Last week, the Wall Street Journal posted a public poll asking its readers to pick the best mobile operating system maker. Apple, Google, Microsoft, Palm, RIM/Blackberry, and Other were valid options, with Apple leading at about 55% at the time. Noticing this, Android Police along with reddit and other media publications issued a call to action:
The next day, Android and Apple traded places, and the former started leading by a small margin.
Remember that Sony Ericsson PlayStation phone we heard about back in August? Turns out it's not only real, but a prototype is out and about in the wild - and Engadget has landed themselves some surprisingly clear and detailed pictures of the device. Better still, it looks pretty close to the renders we saw in August - surprising, given the track record for Android rumors.
Between the PlayStation moniker and the slide-out gamepad, I think it's pretty clear that this beastie will be marketed as a gaming phone.
I'm not sure exactly how recently Google has done this (update: apparently, it's been a few months, thanks Brad), but there is a tab in the mobile search interface called "Android Apps." I'll give you 3 tries to guess what it does.
Clicking on each result pops open the Market app and works exactly as you would expect. The interface does show the star rating to help weed out the crapola, the price, the company name, and the number of reviews.
T-Mobile's recently announced LG Optimus T isn't exactly the most specced-out little bugger, despite its Autobot-like name, but according to the carrier's Facebook page, it will have at least one exciting feature: a budget-friendly price point. Indeed, T-Mobile will be selling the device for a seriously considerable $29.99 (on a new two-year contract and after a $50 mail-in-rebate, of course) starting November 3rd. A top-of-the-line device this may not be, but there's no denying that at a price more affordable than that of many messaging phones, many customers will view the Optimus T as an impulse purchase.
There is no shortage of media applications for Android - in fact, Winamp that came out last week was the most serious and robust media offering I've seen so far. However, when it comes to strictly the media player functionality, even Winamp can't touch what I'm about to show you - a new beta app called PowerAMP.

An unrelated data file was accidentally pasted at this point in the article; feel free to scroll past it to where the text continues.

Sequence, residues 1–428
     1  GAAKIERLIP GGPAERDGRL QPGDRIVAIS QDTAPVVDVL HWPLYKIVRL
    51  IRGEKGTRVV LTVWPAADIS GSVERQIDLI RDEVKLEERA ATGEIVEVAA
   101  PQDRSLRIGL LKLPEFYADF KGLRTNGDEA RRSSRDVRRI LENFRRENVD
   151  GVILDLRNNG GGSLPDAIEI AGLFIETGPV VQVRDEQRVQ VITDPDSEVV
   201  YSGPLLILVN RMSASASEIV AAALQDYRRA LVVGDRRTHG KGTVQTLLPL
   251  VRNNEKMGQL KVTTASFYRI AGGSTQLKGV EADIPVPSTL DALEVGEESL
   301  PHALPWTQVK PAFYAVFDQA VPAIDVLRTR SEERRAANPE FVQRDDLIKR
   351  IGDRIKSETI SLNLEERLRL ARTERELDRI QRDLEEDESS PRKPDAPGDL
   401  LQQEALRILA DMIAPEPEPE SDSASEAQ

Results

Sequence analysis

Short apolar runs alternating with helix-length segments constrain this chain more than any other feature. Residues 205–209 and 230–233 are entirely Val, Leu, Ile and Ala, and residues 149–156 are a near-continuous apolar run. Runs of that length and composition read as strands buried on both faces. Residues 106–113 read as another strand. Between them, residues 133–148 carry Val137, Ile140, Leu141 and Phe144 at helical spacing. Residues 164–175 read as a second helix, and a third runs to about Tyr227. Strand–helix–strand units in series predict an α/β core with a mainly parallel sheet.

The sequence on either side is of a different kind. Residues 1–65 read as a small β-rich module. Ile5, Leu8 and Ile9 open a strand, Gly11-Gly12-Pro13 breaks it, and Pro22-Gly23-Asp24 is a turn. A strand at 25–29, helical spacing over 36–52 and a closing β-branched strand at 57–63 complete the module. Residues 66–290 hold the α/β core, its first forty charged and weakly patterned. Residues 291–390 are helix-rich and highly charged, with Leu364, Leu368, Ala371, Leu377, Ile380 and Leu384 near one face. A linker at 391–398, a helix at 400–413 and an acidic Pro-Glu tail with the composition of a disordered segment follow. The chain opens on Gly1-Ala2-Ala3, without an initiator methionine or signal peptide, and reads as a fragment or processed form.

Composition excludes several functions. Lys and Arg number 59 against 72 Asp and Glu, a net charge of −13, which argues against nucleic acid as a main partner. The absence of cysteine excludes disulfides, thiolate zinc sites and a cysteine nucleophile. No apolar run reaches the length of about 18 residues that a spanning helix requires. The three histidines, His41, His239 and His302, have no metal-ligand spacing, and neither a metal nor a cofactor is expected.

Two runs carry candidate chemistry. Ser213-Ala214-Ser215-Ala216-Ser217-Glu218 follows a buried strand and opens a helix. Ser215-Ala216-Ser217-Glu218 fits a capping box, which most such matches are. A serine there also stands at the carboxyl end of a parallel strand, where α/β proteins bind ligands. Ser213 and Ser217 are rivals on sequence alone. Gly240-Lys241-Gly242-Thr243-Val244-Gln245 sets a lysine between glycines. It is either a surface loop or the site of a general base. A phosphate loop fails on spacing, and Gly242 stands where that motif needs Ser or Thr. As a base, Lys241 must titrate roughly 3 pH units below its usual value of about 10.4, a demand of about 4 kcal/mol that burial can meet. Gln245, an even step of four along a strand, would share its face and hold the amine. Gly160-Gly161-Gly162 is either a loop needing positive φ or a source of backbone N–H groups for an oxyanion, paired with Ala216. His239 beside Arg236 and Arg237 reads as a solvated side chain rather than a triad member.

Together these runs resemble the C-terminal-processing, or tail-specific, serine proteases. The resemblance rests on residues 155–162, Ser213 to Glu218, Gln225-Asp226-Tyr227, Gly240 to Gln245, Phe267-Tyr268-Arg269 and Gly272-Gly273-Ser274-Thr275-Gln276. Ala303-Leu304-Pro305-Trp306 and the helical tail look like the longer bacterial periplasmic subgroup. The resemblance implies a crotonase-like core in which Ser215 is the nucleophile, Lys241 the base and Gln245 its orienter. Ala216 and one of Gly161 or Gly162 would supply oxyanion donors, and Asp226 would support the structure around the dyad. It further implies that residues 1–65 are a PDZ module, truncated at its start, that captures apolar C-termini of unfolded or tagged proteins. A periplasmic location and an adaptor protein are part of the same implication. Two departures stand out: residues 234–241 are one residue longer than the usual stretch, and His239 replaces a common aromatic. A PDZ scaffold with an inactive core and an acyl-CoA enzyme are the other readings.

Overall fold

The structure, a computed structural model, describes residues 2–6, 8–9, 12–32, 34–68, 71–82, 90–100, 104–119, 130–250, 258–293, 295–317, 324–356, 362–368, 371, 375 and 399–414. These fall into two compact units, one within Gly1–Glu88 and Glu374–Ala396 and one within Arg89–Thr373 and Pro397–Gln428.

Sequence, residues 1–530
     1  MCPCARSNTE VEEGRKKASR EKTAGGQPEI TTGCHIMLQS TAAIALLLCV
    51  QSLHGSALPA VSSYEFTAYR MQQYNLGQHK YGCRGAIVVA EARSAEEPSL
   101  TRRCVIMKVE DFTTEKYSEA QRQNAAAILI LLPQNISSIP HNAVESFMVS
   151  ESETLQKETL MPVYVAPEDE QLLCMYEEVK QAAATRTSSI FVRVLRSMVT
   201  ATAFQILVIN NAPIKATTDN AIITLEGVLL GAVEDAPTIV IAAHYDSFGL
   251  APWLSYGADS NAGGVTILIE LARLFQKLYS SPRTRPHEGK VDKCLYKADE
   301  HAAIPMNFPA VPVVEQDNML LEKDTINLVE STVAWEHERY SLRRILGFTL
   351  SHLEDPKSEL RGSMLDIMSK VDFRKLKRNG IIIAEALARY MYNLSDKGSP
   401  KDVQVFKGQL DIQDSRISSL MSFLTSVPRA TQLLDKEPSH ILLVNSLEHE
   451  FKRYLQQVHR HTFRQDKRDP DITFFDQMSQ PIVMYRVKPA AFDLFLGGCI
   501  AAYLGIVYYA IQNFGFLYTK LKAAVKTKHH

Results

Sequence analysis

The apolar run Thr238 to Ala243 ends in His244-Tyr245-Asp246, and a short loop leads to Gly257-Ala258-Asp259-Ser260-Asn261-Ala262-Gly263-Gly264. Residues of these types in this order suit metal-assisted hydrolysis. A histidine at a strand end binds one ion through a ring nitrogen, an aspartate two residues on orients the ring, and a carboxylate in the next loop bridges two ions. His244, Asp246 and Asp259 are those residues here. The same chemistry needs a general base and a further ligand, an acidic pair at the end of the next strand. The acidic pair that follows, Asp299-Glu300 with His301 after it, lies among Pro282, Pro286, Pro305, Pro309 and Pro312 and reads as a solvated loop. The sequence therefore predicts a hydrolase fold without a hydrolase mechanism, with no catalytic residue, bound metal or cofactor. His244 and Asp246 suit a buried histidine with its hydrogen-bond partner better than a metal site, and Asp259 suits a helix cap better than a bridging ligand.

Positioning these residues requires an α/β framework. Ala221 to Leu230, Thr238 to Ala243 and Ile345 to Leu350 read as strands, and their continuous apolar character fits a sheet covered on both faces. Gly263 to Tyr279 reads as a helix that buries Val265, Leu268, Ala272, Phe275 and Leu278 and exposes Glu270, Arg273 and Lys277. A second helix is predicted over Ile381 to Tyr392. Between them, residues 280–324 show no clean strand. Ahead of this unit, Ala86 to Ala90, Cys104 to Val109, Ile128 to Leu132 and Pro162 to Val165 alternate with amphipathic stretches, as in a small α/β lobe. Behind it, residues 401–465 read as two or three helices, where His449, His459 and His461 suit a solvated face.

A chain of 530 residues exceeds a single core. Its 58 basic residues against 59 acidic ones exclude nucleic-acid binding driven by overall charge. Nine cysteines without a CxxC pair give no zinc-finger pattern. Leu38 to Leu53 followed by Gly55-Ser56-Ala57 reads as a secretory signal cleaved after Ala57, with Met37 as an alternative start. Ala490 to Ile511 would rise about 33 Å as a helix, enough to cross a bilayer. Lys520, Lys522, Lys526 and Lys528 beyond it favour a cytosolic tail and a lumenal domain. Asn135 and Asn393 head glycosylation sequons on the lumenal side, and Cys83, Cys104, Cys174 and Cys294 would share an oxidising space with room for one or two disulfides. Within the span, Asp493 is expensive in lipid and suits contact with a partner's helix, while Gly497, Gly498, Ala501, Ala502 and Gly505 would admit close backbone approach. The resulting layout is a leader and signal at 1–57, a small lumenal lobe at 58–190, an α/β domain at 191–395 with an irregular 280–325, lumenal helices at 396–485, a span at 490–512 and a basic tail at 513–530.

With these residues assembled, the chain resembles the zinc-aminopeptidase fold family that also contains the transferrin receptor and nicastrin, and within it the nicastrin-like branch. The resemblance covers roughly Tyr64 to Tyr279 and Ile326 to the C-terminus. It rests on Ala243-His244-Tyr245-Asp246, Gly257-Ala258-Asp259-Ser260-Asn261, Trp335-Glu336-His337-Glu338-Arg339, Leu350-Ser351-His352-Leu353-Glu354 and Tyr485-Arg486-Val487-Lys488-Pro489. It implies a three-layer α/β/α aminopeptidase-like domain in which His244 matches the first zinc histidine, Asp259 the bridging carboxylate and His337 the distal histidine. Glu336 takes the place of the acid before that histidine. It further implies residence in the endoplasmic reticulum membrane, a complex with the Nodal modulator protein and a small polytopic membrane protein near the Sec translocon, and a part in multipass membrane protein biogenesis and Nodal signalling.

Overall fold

PowerAMP is an Android media player developed by a cool Russian dude by the name of Maxim Petrov (Max MP).
I think Google jumped the gun a bit on this one, but hey, if everyone is rolling with it, we'll go with it too. The @AndroidDev twitter account, which publishes official Google Android updates, this morning tweeted that the Market finally reached 100,000 applications:
You may remember we've already made an announcement of 100k back in July and may be wondering: "wha...who...why"? Well, that announcement was made by AndroLib, an unofficial market tracker that uses multiple sources (marketplaces) and includes removed apps into the count.
As if Oracle's, Microsoft's, and Apple's   suits weren't giving Android enough headache, today, Gemalto, an Amsterdam-based digital security company, added some fuel to the flames by filing a patent infringement suit against Google and its partners HTC, Samsung, and Motorola. The suit claimed that Android and the Dalvik operating environment incorporated Gemalto's patented Java Card technology without the company's permission.
The Wall Street Journal explained in more detail:
According to the complaint on the website of the U.S.
Thanks to @maxisma, AndroidSpin found that Call of Duty: Modern Warfare - Force Recon is now available for download via GetJar. The good news: it looks pretty damn fun - it's reminiscent of PaperBoy, but with a lot more shooting and blood. But there's bad news, as well: before you get too excited, you should know that there's a decent chance your device may not be supported. I haven't looked at the supported devices list thoroughly (it's long, I'm lazy), but it looks like you need a trackball to play.